Fluorescence measured using the WETStar DOM fluorometer as a proxy for dissolved matter absorption

Claude Belzile, Collin S. Roesler, John P. Christensen, Natalia Shakhova, Igor Semiletov

Research output: Contribution to journalArticlepeer-review

47 Citations (Scopus)


Dissolved organic matter (DOM) plays a significant role in freshwater and marine aquatic ecosystems including its effects on nutrients and carbon cycling and trace metal and contaminant availability. The colored fraction of DOM, CDOM, directly affects the quantity and spectral quality of available light, thereby impacting both primary production and UV exposure in aquatic ecosystems. Measuring the DOM absorption coefficient in situ is difficult because it requires prefiltration of the sample. From measurements made in inland, riverine, estuarine and coastal environments, we show that using the WETStar fluorometer (WET Labs), good estimates of dissolved absorption can be obtained from DOM fluorescence (DOM-FL) measured in situ on unfiltered samples. DOM-FL measured with the in situ fluorometer compare very well to values obtained on filtered samples using more sophisticated laboratory spectrofluorometers. Acquisition of high frequency, long-term data series or high-resolution profiles is feasible and artifacts resulting from filtration or sample storage can be avoided when measurements are made using the WETStar DOM fluorometer. The utility of high-resolution DOM-FL profiles for biogeochemical studies is illustrated by in situ data obtained in the East Siberian Sea.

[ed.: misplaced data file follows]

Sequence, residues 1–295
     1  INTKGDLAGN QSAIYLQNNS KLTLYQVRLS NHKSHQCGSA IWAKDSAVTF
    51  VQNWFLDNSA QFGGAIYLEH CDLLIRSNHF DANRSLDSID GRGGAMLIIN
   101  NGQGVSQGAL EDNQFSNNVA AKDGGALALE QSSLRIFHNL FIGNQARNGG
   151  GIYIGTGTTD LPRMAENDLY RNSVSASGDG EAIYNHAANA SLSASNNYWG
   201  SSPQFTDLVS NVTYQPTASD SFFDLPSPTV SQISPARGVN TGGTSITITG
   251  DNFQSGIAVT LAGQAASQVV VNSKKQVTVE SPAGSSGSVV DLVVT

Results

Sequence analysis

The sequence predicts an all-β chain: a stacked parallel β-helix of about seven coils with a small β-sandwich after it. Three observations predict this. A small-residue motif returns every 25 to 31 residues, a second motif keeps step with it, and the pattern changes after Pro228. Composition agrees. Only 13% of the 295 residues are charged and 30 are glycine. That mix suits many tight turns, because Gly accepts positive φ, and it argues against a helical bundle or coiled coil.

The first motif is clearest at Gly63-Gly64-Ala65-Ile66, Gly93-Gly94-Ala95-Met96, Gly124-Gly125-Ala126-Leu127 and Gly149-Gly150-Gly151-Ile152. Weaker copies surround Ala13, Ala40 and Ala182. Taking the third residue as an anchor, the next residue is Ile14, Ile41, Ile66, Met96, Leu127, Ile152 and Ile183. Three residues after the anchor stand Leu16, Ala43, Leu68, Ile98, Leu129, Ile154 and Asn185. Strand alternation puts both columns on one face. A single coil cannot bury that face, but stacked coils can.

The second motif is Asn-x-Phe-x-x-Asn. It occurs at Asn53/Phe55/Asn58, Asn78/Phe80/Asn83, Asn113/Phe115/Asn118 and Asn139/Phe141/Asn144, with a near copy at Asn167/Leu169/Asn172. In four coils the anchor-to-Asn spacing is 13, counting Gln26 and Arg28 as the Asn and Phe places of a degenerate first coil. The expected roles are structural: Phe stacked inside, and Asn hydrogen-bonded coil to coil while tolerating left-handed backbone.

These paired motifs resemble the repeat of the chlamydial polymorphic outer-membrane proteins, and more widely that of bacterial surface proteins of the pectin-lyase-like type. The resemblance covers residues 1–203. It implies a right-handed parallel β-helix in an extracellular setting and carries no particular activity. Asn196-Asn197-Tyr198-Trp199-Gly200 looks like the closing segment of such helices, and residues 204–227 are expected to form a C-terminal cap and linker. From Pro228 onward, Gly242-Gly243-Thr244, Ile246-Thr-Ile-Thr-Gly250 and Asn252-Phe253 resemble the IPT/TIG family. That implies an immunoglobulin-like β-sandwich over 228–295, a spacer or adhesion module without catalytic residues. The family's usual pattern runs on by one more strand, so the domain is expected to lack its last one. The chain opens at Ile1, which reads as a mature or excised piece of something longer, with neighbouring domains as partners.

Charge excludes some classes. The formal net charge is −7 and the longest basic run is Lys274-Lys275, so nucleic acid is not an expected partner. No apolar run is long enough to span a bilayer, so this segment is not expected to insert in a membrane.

Original languageEnglish
Pages (from-to)441-449
Number of pages9
JournalEstuarine, Coastal and Shelf Science
Issue number3
Publication statusPublished - Apr 2006
Externally publishedYes


  • Absorption coefficient
  • Beaufort Sea
  • Dissolved organic matter
  • East Siberian Sea
  • Fluorescence

ASJC Scopus subject areas

  • Oceanography
  • Aquatic Science

Fingerprint Dive into the research topics of 'Fluorescence measured using the WETStar DOM fluorometer as a proxy for dissolved matter absorption'. Together they form a unique fingerprint.

Cite this